Explicit and Implicit Memory Representations in Cross-Situational Word Learning
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What kind of memory representations do word learners use when they learn the meaning of words cross-situationally? This study leverages the measure of the relationship between confidence and performance to explore the nature of memory representations in word learning. In the recognition memory literature, studies have shown that explicit memory can be used when subjects can semantically encode the study material. However, when the study material is chosen to be unverbalizable, implicit memory is used but is presumed to be only detectable under certain experimental conditions. In the current paper, five cross-situational word learning experiments manipulated the type of word referents with varying experimental paradigms that were designed to probe different types of memory under an implicit learning paradigm. When word referents were line drawings of familiar concepts, memory in cross situational learning was explicit. Implicit memory was found where referents were objects that cannot be encoded semantically (e.g., unverbalizable images). These findings have implications for different theoretical perspectives on early word learning, which differ in the extent to which existing semantic category information, as opposed to perceptual information, contributes to the word meaning process.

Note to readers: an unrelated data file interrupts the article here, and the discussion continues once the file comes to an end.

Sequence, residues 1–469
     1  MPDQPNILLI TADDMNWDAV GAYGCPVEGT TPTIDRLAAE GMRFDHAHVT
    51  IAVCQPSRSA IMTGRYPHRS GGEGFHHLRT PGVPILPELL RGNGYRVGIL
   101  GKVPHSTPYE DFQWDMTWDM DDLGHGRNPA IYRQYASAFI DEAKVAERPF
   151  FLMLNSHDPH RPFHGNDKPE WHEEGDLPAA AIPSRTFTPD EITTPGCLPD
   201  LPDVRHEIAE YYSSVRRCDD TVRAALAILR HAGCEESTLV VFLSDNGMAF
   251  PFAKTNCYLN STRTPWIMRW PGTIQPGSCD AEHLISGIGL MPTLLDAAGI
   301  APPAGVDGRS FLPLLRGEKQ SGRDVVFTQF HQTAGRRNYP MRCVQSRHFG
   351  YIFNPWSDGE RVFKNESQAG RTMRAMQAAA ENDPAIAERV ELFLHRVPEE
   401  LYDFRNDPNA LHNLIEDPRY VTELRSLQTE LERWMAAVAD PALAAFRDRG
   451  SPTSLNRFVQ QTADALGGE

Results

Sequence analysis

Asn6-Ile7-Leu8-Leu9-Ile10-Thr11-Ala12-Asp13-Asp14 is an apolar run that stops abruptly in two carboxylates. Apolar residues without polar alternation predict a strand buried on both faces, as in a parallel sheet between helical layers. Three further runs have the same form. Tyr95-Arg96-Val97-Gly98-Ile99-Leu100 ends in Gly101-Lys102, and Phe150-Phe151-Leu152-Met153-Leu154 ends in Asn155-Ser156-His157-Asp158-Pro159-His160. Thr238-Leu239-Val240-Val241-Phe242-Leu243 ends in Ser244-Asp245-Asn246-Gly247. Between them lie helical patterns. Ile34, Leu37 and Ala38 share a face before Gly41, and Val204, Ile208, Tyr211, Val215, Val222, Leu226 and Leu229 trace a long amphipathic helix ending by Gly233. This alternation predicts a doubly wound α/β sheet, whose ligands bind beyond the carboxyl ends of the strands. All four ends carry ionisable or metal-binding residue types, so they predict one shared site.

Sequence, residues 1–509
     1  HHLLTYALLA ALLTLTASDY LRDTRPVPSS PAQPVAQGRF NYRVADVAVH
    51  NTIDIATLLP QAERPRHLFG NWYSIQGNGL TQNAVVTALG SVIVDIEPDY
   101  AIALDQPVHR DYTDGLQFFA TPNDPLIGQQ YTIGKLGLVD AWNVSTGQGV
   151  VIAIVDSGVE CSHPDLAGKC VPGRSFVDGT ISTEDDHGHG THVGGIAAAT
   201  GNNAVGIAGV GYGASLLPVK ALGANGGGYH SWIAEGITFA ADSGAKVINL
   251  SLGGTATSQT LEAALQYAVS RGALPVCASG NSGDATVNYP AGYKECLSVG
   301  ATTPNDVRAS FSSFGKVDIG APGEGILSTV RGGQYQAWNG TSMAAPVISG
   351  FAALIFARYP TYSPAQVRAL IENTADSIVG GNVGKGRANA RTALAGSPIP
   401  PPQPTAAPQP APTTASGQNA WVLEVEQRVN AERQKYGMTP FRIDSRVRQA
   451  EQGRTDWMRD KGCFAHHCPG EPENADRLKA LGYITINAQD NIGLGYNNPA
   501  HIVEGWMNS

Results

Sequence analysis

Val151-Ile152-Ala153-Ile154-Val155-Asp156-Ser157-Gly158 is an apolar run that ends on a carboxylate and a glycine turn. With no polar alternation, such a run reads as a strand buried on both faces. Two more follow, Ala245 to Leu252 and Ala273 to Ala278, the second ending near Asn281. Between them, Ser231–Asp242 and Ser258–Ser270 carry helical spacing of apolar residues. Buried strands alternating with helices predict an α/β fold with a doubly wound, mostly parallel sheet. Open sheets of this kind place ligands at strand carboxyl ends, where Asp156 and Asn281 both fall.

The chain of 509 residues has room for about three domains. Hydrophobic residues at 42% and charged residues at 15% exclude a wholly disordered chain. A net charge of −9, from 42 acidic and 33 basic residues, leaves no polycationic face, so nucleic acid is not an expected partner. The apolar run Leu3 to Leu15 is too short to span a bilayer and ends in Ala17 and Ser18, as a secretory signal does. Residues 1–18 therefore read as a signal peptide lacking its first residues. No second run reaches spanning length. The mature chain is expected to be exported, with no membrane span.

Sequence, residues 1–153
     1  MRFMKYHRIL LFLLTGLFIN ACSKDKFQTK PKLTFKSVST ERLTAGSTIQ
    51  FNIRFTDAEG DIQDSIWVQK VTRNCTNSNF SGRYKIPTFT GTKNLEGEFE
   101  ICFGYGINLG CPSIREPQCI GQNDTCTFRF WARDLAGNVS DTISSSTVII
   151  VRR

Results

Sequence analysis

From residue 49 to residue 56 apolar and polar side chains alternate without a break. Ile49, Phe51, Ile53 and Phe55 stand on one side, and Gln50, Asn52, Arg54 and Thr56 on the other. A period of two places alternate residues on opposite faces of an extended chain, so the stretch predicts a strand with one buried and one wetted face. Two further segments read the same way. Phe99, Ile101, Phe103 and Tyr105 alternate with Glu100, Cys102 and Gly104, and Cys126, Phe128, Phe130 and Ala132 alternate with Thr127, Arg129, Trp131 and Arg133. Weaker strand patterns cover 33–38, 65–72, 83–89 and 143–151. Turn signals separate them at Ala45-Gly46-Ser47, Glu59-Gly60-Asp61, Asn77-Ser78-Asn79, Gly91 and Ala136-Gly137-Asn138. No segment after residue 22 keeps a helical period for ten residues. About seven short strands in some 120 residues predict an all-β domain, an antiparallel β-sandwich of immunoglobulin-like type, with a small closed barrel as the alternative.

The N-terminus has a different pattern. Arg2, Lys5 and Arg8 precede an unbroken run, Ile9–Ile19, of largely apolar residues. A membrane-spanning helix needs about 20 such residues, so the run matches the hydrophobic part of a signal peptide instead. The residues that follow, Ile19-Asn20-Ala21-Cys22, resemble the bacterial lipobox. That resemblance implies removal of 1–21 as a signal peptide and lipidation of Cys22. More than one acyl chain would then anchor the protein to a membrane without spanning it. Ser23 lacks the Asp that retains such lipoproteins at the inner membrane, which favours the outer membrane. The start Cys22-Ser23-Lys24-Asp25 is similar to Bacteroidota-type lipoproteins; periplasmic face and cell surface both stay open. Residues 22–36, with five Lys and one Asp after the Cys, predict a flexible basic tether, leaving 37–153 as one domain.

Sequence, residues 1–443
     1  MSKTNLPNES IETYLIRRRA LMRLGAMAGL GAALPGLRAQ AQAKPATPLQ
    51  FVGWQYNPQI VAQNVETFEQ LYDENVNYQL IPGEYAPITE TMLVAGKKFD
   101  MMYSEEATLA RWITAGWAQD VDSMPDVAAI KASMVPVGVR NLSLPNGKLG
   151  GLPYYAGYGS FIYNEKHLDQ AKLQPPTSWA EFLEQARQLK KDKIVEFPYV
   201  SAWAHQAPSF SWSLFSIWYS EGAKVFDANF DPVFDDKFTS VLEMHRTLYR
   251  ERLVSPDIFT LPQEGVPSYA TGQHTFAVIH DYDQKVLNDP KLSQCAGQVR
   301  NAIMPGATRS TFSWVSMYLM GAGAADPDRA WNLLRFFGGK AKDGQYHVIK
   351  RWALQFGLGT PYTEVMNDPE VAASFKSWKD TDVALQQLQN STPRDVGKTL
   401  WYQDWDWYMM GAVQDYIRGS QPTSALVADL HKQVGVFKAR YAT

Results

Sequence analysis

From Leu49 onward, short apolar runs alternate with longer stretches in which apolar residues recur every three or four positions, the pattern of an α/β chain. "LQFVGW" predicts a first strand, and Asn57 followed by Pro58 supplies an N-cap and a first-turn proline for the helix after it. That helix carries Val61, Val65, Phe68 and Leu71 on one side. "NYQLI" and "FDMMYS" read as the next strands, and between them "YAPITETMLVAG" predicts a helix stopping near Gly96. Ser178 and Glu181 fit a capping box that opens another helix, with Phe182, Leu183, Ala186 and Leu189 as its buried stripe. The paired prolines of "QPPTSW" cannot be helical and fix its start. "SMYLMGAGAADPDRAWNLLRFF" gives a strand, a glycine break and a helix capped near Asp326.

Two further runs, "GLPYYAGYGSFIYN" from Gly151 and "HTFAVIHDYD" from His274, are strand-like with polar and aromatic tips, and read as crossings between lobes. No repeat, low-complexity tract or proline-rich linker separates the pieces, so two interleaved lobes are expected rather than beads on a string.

Word Learning; Explicit Memory; Implicit Memory
Psychology | Social and Behavioral Sciences
Explicit and Implicit Memory Representations in Cross-Situational Word Learning.